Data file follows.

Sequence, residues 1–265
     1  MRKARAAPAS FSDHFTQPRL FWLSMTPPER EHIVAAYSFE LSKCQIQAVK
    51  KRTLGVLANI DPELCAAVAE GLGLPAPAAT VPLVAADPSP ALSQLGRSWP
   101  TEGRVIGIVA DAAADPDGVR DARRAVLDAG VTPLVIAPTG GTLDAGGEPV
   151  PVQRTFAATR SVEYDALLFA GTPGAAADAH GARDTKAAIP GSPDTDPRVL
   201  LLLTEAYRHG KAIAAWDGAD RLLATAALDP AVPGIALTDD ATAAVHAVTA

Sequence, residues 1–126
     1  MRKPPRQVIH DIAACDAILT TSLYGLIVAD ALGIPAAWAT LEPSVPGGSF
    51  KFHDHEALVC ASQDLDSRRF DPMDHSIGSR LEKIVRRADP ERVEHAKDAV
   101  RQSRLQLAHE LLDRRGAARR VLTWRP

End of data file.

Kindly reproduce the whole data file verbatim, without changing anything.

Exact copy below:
Sequence, residues 1–265
     1  MRKARAAPAS FSDHFTQPRL FWLSMTPPER EHIVAAYSFE LSKCQIQAVK
    51  KRTLGVLANI DPELCAAVAE GLGLPAPAAT VPLVAADPSP ALSQLGRSWP
   101  TEGRVIGIVA DAAADPDGVR DARRAVLDAG VTPLVIAPTG GTLDAGGEPV
   151  PVQRTFAATR SVEYDALLFA GTPGAAADAH GARDTKAAIP GSPDTDPRVL
   201  LLLTEAYRHG KAIAAWDGAD RLLATAALDP AVPGIALTDD ATAAVHAVTA

Sequence, residues 1–126
     1  MRKPPRQVIH DIAACDAILT TSLYGLIVAD ALGIPAAWAT LEPSVPGGSF
    51  KFHDHEALVC ASQDLDSRRF DPMDHSIGSR LEKIVRRADP ERVEHAKDAV
   101  RQSRLQLAHE LLDRRGAARR VLTWRP